Hire The Right Freelancers

Where to look and how to avoid mistakes

by Brad and Debra Schepp
- Aug 12, 2015

The most challenging part of a home renovation, whether it's a bathroom or kitchen, isn't the dust or inconvenience, although that's no picnic. It's finding contractors you can trust to do the job right in a timely manner.

If you're not technical and are hiring a developer, ask one of your technical friends to chat with the prospect

The same applies to hiring freelancers. It doesn't matter if it's an accountant, lawyer, Web developer or writer. Sure, there are websites where you can find thousands of candidates. And there is the tried-and-true strategy of asking friends and co-workers. But there's always some risk involved.

For expert advice on finding the right freelancers for short-term projects, we spoke to staffing experts, owners of e-commerce businesses, consultants, and even a lawyer or two.

The approach varies

Let's start with the recruiting pros. Abby Kohut is the owner of the career site Absolutely Abby. She's hired 10,000 people in her 18-year career. "When hiring freelancers, it depends on what kind of individual I'm looking for as to where to source them," she tells us. Here's her advice.

1. Graphic designers, editors, data entry and transcribers: Kohut has hired these people from oDesk (now called Upwork) or Elance. Both sites provide a cross section of candidates, from entry-level to experienced, so she can decide whom to hire based on her budget.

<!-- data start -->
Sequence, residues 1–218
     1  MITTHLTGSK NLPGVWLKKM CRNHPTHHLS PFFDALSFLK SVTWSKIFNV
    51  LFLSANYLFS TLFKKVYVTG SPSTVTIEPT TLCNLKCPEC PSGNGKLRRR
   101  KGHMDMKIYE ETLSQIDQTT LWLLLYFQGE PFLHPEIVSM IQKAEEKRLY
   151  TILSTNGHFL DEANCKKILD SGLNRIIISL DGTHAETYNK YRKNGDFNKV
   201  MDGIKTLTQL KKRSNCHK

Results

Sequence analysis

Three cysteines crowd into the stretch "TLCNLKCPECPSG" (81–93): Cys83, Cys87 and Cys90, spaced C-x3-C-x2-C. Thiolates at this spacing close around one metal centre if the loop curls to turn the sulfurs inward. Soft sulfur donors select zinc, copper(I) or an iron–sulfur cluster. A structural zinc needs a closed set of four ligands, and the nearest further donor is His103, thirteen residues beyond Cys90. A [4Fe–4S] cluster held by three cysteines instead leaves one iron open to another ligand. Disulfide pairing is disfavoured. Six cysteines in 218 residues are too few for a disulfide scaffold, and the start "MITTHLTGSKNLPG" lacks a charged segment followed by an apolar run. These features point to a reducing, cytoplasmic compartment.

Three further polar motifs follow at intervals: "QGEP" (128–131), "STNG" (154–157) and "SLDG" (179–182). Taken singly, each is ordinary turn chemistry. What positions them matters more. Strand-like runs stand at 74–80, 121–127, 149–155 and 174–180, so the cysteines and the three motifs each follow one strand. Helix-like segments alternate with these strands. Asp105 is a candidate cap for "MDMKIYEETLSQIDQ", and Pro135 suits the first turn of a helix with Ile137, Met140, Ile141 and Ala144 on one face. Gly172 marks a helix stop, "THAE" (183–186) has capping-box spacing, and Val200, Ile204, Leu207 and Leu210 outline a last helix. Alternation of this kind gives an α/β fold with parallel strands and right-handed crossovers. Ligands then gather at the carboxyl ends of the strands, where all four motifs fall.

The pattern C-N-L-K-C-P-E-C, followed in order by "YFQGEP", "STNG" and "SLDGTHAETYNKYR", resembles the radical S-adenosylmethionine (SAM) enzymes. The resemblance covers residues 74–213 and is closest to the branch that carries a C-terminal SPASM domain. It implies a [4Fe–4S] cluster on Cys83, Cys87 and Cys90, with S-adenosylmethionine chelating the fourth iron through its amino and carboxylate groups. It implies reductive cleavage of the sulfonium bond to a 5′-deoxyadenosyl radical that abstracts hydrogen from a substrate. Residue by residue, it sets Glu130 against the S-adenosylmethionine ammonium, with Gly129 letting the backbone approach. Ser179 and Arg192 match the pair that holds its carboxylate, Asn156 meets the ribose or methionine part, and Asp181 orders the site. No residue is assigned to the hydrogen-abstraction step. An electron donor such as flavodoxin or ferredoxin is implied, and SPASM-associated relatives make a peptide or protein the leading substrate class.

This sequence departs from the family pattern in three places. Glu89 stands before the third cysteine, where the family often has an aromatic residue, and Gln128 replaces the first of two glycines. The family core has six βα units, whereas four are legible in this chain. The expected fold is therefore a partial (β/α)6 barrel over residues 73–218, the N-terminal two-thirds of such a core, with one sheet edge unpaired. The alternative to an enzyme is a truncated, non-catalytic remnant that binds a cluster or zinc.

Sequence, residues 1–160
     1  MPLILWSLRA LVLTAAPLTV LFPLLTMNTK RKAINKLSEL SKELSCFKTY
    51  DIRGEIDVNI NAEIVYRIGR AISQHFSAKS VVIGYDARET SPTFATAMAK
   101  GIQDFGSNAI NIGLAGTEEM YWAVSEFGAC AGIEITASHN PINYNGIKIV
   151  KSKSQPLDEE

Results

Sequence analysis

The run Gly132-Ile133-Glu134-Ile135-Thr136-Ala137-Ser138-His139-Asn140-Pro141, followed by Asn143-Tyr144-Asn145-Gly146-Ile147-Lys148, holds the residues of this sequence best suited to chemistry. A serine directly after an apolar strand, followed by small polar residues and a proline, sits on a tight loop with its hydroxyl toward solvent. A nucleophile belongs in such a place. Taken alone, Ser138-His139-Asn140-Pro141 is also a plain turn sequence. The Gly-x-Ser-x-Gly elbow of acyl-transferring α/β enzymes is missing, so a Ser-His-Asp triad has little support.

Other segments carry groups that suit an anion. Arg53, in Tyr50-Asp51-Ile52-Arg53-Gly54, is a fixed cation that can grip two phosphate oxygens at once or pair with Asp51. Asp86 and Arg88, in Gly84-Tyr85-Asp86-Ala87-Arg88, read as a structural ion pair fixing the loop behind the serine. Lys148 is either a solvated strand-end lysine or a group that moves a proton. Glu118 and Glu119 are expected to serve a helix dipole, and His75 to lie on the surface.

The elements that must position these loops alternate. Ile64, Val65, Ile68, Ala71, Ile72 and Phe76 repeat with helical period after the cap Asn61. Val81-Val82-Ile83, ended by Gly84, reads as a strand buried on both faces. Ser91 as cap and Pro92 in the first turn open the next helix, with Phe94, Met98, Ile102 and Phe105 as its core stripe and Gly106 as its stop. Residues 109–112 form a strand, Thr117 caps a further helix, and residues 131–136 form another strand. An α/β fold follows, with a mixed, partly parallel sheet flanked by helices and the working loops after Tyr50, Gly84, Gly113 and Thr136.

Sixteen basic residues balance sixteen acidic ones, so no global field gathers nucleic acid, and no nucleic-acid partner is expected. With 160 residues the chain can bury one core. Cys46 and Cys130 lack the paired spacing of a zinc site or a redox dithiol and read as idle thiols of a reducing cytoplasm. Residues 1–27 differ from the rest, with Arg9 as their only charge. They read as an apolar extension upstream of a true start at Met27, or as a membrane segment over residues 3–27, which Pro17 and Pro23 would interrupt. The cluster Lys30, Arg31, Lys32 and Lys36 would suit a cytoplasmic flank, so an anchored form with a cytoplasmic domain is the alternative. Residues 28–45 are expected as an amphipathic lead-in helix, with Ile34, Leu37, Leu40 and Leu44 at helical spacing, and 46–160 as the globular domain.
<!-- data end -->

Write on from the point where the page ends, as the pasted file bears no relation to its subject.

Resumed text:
2. Lawyers and accountants: Kohut always hires these professionals based on recommendations. But if she doesn't have any recommendations to go on, she uses LinkedIn. Even if she doesn't find them on LinkedIn, she evaluates their backgrounds and reads their recommendations.

3. Technology experts: In the past, Kohut has posted ads on job boards or in LinkedIn Groups. If none of these options work, she uses Google and evaluates candidates based on their websites.

Mine your network

Todd Horton is the founder of KangoGift, a company that helps other companies improve employee recognition. His hiring background spans more than 15 years, and he's worked for companies like Monster.com and Salary.com.

Here are his tips:

Hiring quality personnel for freelance work is more difficult than hiring for permanent work, but … it is getting easier

1. Get referrals. Tap into your network and ask, "Who is good?" for your specific need.

2. Ask for references. Ensure the prospect is open to sharing contact information for references.

3. Review their portfolios. If you're not technical and are hiring a developer, ask one of your technical friends to chat with the prospect. It's critical to ensure the candidate has the skills needed to complete the task.

4. Ask for a trial period. Each new hire is critical. And in addition to professional skills, interpersonal skills and fit are key, too. Create a defined project to measure fit.

Tap your current pool

If you have employees, ask for their recommendations, says Alexander Ruggie, an executive with digital marketing company Milestone SEO.

"Tap the existing talent pool within the company for suggestions on people they know and trust who would be good for the position," he says. "Hiring quality personnel for freelance work is more difficult than hiring for permanent work, but as the a-la-carte professionalism of the 21st century progresses, it is getting easier to find the best for one-off jobs."

If that doesn't work, he suggests turning to LinkedIn, Monster or Craigslist.